"These are hard times, even for Super Sentai"
A trope is frequenlty seen with people who are homeless, jobless, or both. They spend their time sitting or walking around on the streets, holding a often handwritten cardboard sign to indicate that they are poor and need help.
This trope can come in several variations, for example the beggar uses his signboard to quickly inform people of his situation and to ask them for help. A well-known example is: "homeless, please help". Another variation is demonstrated by the page image, and often used for a quick joke or Cutaway Gag
. Instead of traditional begging for some change, the beggar uses his signboard to try to offer some sort of services in exchange for (most often) food or money. The most common (and serious) of them is “will work for food”, but this trope can easily be Played for Laughs
by making the task promised, or the good asked for by the beggar, something absurd. Some variations may include the beggar making a threat ("Give me money, or else!").
Compare: The End Is Nigh
- In Wreck-It Ralph Q*bert and his fellow characters sit around in game central station after their game is unplugged, holding both a sign that says "Game Unplugged, please help" and a sign that says "Will NPC in FPS for food".
- In Dredd, Dredd and Anderson encounter a beggar holding a sign saying 'Will debase self for money.'
- In A Bug's Life there's a cricket begging in the city with a sign that reads "Kid pulled my wings off".
- In Robots, a robot in Robot City's station has a sign simply saying 'Got Screwed'. The giant screw in his head turns out to be fake.
- In Grand Canyon, Dee notices a man with a cardboard sign that reads "Will Work For Food" as she drives to work.
- In a Saturday Night Live short film, Norm Mac Donald plays a homeless man holding a "will work for food" sign. A distinguished looking gentleman picks him up and takes him to his home, where he has the homeless man do various secretarial/data entry work: rubber stamping, stapling, calculating, etc. At the end of the day the distinguished man gives the homeless man a hot dog on a bun and returns him to where he picked him up. The homeless man then gives the hot dog to his Heterosexual Life Partner-in-homelessness, who is worse off than he is.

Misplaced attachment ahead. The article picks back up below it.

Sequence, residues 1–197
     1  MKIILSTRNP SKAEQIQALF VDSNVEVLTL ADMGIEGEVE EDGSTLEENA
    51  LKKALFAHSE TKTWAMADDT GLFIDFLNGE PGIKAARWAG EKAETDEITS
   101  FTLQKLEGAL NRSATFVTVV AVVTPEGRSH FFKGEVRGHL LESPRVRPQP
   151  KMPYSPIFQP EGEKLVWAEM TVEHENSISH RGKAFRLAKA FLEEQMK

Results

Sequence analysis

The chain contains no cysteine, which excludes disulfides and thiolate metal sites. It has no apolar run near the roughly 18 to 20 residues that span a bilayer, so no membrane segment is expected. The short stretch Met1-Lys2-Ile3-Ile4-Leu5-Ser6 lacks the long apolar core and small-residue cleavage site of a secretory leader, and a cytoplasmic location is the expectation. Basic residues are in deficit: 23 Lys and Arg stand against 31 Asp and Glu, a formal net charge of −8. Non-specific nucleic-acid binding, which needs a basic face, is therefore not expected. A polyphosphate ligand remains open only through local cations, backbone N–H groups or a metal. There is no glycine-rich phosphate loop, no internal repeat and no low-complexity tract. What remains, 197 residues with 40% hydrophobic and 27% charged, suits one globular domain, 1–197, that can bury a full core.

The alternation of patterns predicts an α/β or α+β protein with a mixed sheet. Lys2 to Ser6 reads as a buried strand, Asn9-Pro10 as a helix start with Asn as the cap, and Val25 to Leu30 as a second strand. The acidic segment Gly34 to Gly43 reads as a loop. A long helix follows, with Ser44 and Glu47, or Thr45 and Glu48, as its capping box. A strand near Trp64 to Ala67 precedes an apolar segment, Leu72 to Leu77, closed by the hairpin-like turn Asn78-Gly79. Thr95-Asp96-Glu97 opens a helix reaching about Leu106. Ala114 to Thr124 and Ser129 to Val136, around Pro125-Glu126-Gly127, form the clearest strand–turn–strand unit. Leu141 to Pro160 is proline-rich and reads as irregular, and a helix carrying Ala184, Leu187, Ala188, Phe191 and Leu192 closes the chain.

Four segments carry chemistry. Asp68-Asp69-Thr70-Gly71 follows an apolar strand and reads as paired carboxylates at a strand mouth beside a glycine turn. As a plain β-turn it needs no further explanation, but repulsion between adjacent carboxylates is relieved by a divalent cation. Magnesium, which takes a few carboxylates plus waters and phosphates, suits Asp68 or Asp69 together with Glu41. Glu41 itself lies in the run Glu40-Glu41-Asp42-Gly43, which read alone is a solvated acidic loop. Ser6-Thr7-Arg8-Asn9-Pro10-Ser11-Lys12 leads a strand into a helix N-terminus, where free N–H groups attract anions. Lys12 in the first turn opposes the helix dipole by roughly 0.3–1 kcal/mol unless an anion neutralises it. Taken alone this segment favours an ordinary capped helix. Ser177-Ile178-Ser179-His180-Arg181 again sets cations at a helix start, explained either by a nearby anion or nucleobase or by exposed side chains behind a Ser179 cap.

- In an episode of Castle dealing with an Occupy Wall Street type of protest, a background character is shown holding one of these signs, but the word "work" has been crossed out and replaced with "protest".
- Seen in the music video of the Van Halen song "Right Now", is a guy holding a sign saying "I will wrestle you for food" with the caption "Right now somebody's got the wrong idea."
- Done in hide's PV for the song Misery, where hide holds a cardboard sign with the words "Stay Free My Misery" in English.
- One comic of Brevity had a homeless man holding out a sign and cup for money. Right next to him was a puppy with an overflowing cash cup, wearing a sign reading: "Give Me Money, I'm Cute."
- The next day's strip has the homeless man take advantage of the pup, by now wearing a sign reading: "Give Me Money Or I Eat The Dog." His money cup is overflowing.
- In Pepsiman, the sidewalk beggars are holding up "Give Me PEPSI" signs.
- In the Tony Hawk's Pro Skater games, Ollie the Magic Bum is a fictional playable character, and one of his special moves involves spinning in the air while sitting and holding out a sign that says "Will Skate For Food."
- Vet James Herriot recalls graduating from university into the recession of the early 1930's. The professional magazine, The Veterinary Record, had at the time decided to refuse advertisements from newly qualified vets along the lines of Will work for board and lodging, on the grounds that this was bad for the image of the profession. Herriot himself was lucky - he anticipated unemployment awaited him. Instead he met established vet Seigfreid Farnon.